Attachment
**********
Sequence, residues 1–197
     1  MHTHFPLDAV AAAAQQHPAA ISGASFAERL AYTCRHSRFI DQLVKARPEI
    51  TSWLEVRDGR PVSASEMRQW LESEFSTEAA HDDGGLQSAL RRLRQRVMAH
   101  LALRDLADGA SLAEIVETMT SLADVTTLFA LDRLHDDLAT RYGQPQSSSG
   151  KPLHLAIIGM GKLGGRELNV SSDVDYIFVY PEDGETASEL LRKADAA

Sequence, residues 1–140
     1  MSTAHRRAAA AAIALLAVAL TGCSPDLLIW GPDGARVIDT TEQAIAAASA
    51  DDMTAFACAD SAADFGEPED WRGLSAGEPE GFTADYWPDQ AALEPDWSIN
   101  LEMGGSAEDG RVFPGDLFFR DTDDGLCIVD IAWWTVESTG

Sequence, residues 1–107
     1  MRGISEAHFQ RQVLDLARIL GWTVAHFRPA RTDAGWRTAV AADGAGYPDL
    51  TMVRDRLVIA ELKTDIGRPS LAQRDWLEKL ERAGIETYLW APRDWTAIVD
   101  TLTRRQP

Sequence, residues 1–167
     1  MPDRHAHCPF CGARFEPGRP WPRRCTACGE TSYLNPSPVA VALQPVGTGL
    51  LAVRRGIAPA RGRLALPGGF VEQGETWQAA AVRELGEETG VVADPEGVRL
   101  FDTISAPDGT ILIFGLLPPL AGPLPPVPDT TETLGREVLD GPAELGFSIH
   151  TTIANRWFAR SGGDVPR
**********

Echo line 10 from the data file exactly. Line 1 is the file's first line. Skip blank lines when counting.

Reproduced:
Sequence, residues 1–107